Now, Turkey's foreign policy is sarcastically being characterized as "angry pragmatism" or the “policy of a headless chicken.” All suggest a misguided policy that displays itself in three spheres.
The first sphere is Syria. Turkey was blocked by a resurgent Russia in Syria following the downing of a Russian fighter jet in November 2015. It was cut off from extending any influence to its southern neighbor. Only after Erdogan’s apology in June 2016 did the reconciliation between Russia and Turkey begin, paving the way for Turkey’s incursion — Operation Euphrates Shield — in Syrian territory in August 2016. Moscow acquiesced to the Turkish presence in a triangular area in northern Aleppo in return for Ankara halting its support to the Syrian opposition in Aleppo.
Aleppo, in a way, was presented to the regime in Damascus via Russia. Russia, which acted with Iran, took Turkey’s hand and carried it to Astana, providing Ankara an image as an important player in the diplomatic arena on Syria. The presence of Turkey in Idlib province is also a product of the Astana talks.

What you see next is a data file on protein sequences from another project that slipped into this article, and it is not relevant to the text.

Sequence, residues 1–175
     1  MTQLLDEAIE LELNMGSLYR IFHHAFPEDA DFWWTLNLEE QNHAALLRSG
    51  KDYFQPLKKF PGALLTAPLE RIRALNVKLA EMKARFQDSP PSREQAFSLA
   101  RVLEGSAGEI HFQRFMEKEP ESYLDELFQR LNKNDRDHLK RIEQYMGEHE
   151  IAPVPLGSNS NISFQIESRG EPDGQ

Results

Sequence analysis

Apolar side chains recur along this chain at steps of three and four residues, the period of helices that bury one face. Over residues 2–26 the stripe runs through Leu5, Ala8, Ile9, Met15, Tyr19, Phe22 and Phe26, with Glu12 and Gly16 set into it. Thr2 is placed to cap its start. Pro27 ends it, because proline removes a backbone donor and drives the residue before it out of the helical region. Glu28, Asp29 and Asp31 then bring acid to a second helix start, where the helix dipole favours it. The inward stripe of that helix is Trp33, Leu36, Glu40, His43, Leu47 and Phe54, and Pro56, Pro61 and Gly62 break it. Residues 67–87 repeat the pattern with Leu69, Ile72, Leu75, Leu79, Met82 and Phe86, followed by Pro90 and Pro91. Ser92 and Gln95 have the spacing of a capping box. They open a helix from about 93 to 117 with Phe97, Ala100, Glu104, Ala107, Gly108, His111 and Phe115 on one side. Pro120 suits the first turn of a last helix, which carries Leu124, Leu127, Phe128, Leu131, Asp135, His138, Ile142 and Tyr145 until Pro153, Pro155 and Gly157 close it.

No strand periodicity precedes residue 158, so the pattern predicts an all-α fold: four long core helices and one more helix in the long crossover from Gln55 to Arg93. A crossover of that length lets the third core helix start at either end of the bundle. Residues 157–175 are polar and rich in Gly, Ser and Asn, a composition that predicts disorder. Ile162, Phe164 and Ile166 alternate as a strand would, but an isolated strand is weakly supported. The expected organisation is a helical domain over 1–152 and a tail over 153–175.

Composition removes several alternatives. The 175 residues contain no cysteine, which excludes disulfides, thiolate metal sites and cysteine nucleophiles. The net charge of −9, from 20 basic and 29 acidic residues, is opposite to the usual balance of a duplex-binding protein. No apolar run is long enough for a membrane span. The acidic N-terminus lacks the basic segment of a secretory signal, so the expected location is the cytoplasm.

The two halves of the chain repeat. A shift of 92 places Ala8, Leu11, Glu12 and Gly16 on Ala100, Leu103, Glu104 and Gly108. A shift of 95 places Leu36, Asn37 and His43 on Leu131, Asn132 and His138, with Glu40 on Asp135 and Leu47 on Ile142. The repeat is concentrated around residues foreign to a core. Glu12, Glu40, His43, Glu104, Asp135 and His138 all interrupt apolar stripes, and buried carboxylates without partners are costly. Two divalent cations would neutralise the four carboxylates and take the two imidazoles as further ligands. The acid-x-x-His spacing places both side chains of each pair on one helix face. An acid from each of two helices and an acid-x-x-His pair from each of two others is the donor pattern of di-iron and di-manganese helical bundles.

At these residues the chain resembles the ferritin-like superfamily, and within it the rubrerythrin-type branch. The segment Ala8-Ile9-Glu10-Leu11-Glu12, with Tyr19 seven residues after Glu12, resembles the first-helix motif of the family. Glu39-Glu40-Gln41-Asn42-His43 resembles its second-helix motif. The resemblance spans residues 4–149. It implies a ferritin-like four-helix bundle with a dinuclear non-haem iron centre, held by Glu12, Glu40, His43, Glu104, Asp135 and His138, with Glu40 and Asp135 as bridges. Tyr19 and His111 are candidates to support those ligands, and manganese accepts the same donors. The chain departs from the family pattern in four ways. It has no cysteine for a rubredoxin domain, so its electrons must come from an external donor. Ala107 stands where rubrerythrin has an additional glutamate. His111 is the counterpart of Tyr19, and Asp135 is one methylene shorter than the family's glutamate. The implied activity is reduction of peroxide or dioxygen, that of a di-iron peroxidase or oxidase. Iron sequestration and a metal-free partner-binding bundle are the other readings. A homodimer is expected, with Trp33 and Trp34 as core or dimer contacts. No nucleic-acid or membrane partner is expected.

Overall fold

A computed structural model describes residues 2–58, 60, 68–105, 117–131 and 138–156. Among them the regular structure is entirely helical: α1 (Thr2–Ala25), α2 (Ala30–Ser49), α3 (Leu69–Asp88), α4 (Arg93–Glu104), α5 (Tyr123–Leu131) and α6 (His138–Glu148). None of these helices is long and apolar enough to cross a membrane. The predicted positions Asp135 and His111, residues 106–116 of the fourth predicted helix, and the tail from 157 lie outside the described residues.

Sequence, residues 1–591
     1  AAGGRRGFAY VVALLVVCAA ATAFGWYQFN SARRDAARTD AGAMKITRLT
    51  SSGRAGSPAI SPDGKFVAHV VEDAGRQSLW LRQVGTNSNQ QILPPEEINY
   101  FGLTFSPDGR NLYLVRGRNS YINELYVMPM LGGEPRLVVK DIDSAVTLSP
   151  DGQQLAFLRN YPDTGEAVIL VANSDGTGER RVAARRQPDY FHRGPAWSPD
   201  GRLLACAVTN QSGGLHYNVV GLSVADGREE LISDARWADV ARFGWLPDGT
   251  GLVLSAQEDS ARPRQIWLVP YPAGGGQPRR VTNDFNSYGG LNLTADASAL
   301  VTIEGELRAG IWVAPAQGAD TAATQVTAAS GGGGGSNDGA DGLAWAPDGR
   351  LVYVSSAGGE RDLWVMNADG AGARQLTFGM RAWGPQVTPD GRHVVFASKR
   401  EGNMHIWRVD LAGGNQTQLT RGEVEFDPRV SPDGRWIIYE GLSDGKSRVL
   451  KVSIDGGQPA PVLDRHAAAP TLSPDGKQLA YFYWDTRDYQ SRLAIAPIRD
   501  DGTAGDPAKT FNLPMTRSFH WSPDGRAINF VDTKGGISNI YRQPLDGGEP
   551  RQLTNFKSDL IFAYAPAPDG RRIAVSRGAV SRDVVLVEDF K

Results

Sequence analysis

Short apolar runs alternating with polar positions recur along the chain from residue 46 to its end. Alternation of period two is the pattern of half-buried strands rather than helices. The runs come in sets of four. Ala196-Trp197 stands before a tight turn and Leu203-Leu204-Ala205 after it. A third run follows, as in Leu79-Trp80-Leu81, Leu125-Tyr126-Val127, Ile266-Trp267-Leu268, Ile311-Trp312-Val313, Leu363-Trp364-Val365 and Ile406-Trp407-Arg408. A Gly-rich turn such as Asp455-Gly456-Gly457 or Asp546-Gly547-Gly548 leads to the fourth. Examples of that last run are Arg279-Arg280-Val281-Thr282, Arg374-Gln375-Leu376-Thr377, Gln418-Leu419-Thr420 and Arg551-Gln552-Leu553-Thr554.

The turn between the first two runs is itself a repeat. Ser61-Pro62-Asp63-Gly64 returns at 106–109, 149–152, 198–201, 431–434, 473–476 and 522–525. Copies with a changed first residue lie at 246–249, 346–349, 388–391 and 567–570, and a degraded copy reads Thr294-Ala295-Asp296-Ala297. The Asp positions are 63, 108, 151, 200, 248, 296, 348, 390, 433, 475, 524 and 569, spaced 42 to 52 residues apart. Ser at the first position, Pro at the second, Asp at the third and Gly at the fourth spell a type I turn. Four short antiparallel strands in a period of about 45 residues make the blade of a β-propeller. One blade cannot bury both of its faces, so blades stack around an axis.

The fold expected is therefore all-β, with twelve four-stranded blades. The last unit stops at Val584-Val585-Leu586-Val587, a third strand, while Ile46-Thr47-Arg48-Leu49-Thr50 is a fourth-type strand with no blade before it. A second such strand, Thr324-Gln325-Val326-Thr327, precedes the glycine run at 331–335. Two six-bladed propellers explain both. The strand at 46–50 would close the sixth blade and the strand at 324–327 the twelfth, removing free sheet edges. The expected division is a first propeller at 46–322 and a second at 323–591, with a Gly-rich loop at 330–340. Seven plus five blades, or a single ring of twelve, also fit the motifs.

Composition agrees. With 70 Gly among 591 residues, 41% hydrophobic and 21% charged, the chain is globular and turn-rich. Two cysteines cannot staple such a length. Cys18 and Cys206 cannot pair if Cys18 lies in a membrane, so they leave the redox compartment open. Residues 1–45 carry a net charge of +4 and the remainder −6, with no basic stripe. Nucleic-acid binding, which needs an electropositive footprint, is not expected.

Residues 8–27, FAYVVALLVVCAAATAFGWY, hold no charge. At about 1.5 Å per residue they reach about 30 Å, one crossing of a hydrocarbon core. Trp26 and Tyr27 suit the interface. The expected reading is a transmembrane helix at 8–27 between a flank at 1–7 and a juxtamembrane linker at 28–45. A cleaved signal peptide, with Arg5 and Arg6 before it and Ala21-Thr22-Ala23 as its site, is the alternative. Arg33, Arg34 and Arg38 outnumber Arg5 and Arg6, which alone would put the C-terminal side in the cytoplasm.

The Turkish presence in Idlib is not to eradicate Hayat Tahrir al-Sham, which controls a vast area. It is to position itself to end the Kurdish self-rule in Afrin next door and prevent the Kurds from getting closer to coastal regions, namely the Mediterranean Sea. Such a goal can only be achieved with Russian connivance — and so far, the Russians have not shown that they will comply with the Turkish demands to dump the Syrian Kurdish Democratic Union Party (PYD) and its armed wing, the People’s Protection Units.